The world's largest atom smasher is slated to restart this year, but what are scientists hoping to find?
Tonight (April 1), physicist Jon Butterworth will discuss the Large Hadron Collider's famous discovery of the Higgs boson particle in 2012, and what breakthroughs could be on the horizon for the upgraded particle accelerator.
After an eight-year search, Microsoft co-founder Paul Allen and his research team located the wreck of the legendary Japanese battleship Musashi.
The team will broadcast a live tour of the newly discovered sunken ship at 9 p.m. EDT on Thursday, March 12 (0100 GMT Friday, March 13). Weather permitting, the tour through the eyes of an underwater remotely operated vehicle, or ROV, should last for about 1.5 to 2 hours.
Nima Arkani-Hamed, one of the physicists who starred in the Higgs boson documentary "Particle Fever," is giving a lecture today about how tiny particles are changing our understanding of the fundamentals of space and time, and you can watch the eye-opening lecture live at 7 p.m. EST. Arkani-Hamed will give a rundown of recent particle research and explain how these tiny chunks of matter influence the entire cosmos.
"I haven't been this excited about physics in a very long time," Arkani-Hamed said, and tonight he's going to tell you why.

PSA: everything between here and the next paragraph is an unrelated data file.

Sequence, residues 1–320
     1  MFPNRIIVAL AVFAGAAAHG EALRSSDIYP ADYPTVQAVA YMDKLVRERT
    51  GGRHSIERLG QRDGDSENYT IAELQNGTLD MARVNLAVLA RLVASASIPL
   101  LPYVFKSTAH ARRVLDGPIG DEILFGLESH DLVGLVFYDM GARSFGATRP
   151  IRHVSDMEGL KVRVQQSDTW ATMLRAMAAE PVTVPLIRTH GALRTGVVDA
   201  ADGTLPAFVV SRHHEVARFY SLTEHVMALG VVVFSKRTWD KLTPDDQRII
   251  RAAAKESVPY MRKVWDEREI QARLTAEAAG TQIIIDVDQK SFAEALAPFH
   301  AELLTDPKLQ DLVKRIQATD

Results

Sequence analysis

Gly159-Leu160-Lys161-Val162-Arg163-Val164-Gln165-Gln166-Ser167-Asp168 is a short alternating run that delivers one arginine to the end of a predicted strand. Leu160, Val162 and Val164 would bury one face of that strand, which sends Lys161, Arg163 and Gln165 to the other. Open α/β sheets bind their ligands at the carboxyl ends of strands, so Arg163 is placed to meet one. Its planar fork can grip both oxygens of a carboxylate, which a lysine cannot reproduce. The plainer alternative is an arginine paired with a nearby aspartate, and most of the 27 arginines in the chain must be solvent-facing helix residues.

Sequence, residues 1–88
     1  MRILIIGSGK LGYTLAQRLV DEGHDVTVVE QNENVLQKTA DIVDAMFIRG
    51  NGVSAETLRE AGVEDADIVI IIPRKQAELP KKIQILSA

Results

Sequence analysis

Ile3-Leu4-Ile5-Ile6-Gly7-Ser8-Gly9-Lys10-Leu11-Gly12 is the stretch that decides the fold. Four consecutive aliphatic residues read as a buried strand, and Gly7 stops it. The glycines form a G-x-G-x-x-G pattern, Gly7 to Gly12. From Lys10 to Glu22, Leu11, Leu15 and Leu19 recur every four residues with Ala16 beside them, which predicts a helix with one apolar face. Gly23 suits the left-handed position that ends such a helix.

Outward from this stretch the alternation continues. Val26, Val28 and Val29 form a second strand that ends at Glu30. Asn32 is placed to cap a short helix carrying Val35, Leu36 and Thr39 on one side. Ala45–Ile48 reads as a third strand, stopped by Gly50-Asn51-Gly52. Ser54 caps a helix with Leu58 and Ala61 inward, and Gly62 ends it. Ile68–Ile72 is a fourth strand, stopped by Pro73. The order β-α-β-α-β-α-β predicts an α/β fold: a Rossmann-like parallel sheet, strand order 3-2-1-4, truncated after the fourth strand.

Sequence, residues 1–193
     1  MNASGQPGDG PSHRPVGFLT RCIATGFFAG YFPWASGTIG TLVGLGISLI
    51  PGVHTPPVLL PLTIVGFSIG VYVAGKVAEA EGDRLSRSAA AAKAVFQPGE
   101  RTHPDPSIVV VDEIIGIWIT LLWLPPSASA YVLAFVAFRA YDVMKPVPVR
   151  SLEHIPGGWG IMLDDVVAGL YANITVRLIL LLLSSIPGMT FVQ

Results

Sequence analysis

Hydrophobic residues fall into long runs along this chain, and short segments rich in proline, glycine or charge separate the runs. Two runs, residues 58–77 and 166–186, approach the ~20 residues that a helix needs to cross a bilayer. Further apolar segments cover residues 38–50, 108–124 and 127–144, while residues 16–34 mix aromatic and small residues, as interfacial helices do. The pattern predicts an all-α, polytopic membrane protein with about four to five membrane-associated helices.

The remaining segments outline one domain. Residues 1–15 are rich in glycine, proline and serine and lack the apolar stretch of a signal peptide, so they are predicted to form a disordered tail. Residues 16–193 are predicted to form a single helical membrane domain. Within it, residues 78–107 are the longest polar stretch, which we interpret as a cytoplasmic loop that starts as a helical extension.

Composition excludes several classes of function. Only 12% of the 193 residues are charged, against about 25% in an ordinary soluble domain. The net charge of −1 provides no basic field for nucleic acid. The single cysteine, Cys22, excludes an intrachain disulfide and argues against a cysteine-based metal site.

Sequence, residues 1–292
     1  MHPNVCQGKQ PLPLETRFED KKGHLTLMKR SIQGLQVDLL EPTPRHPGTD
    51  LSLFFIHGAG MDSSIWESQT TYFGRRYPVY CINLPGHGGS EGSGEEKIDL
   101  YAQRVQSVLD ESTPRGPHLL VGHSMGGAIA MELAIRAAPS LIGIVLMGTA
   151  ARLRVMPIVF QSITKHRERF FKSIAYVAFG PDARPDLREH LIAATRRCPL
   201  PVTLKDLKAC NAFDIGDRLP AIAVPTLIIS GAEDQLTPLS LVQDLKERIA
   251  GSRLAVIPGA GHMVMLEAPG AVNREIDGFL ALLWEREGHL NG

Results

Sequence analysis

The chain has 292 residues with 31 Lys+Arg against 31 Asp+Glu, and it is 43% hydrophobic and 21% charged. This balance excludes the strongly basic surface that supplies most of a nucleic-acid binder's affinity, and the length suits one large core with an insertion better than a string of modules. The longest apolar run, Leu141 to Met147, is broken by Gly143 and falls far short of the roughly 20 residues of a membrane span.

The Nobel Foundation in Stockholm will announce the 2014 Nobel Prizes beginning Monday (Oct. 6) to the best and brightest minds in their fields. You can watch the live webcasts this week here at Live Science, with the first prize, the Nobel Prize for Physiology or Medicine, being announced around 5:30 a.m. EDT (11:30 a.m. local time in Sweden).
Then, on Tuesday (Oct. 7), Staffan Normark, permanent secretary of the Royal Swedish Academy of Sciences, will announce the Nobel Prize in physics at 5:45 a.m. EDT at the earliest (11:45 a.m. Swedish time). The others will be announced as follows: Nobel Prize in Chemistry on Wednesday, Oct. 8, at 5:45 a.m. EDT at the earliest; Nobel Peace Prize on Friday, Oct. 10, at 5:00 a.m. EDT at the earliest; and the Sveriges Riksbank Prize in Economic Sciences on Monday, Oct. 13, at 7:00 a.m. EDT (1 p.m. local time in Sweden) at the earliest.
Harvard University physicist Subir Sachdev will demonstrate the wonderful world of quantum mechanics tonight at 7 p.m. EDT. He plans to dazzle you with a demonstration of superconductor levitation and a discussion on the strange phenomenon of spooky entanglement that allows two particles to be connected no matter their distance from each other.
"What I hope people will take away is some understanding of what quantum mechanics is really about and why it's so important," Sachdev said in a video trailer for the presentation.
Sit back and enjoy!
Watch experts on futuristic medicines and food development talk live at TEDxCERN, a one-day conference happening today (Sept. 24) in Switzerland.